The Gift of Time
I often hear people talk about the gift of time. I feel like this idea is kind of a joke. During 2020, I had more time on my hands since before I had kids, but it’s obvious I didn’t always use it wisely. Maybe the gift of time should come with a kicker of focus. Then perhaps I’d be able to get my ass in gear and knock at least one of my ongoing projects out.
Over my holiday break, I used the gift of time to do nothing. I decided not to work on purpose and not stress out about fitting all my tasks into a mere 24 hours. Yes, I have been writing here and there, but I am a writer, and that’s what writers do. Writing is not always a form of work; it’s also my passion.
Over the past three weeks, I have done my best to embrace a lack of routine in several ways. I stopped setting an alarm clock. I’m an adult, and let’s face it, I don’t really need one. I’m not going to sleep past 7AM anyway. I watched more TV in the past three weeks than in the past six months. I shocked myself and my husband on numerous occasions by binge-watching countless Bridgerton and Virgin River episodes by overruling my 10:30PM bedtime. I have clearly overindulged in too much holiday spirit and have required at least two strong coffees each morning because I wake-up feeling foggy and slack. Besides holiday meals, I haven’t planned what I’m cooking for dinner until the last minute. And haven’t felt the need to have my kids in bed at a reasonable hour. The latter faux pas is going to royally bite me in the ass on Monday morning.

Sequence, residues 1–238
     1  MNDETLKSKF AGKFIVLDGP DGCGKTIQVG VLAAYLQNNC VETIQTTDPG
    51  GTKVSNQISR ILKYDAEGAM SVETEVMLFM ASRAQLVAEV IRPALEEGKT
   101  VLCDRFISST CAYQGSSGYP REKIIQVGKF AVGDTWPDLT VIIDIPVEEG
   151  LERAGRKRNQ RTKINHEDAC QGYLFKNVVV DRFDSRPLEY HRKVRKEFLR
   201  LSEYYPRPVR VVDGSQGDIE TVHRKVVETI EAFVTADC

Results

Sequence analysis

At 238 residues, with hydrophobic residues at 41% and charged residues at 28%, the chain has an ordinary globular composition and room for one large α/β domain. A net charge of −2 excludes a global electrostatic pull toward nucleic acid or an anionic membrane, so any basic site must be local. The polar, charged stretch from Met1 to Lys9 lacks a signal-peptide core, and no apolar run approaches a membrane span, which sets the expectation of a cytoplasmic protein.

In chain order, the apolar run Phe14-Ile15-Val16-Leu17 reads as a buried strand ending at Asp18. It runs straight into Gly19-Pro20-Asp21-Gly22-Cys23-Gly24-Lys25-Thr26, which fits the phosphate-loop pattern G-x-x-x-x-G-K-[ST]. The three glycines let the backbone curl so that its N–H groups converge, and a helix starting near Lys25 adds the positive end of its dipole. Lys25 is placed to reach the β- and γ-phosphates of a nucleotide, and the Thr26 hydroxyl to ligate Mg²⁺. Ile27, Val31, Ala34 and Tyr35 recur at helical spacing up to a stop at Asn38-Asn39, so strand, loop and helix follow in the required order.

I fear my entire family and I have become a bit feral over the past few weeks, even though it’s been fun… I know this seasonal shift is coming to a natural close, and I must begin to use the gift of time more responsibly. I must not ring in each new day with another episode of Anne with an E but retrain my body to act like an adult and wake up five minutes before the alarm goes off. The kids need to start showering regularly and get the recommended amount of sleep for growing kids.
When my family goes back to their daily routines, I will be gifted a special kind of time – alone time. For how long, I’m not sure (fuck you very much, Covid). Either way, I plan to savor each moment. It really means I will do all the crap I usually do without any noise or human distraction. But it will also be time to put my ass back in the saddle and start ticking off the tasks I set before me last year. Yes, some of these items were long term projects, but there is no better time than now to finally show up for me. If 2020 was your ultimate year of productivity, good on you. It was not for me, and I am okay with it, but I’m not willing to be a repeat offender.
I frequently feel like I don’t have enough time – which is a lie. There is plenty of time. I just don’t maximize it to its full potential. You’ll find me scrolling through Facebook or Instagram, vacuuming the kitchen floor, or doing some other dumb task that is clearly not a priority. I decided on a mantra to help me manage the gift of time this year – If it is important, you will find the time. There will be no excuses this year. If I do not finish what I have put forward as goals for 2021, I will have no one to blame but myself.
I’m not telling you all of this so that you’ll be cheering me along on the sidelines. Though that would be nice. No, I’m doing it to make myself accountable. There are far too many people who say they will do something and then don’t. They’ll say it’s someone else’s fault or that something made it impossible. I don’t want to have to come up with an excuse at the end of the year when I haven’t done what I said I would do for me.
Okay, enough of this… I’ve got shit to do.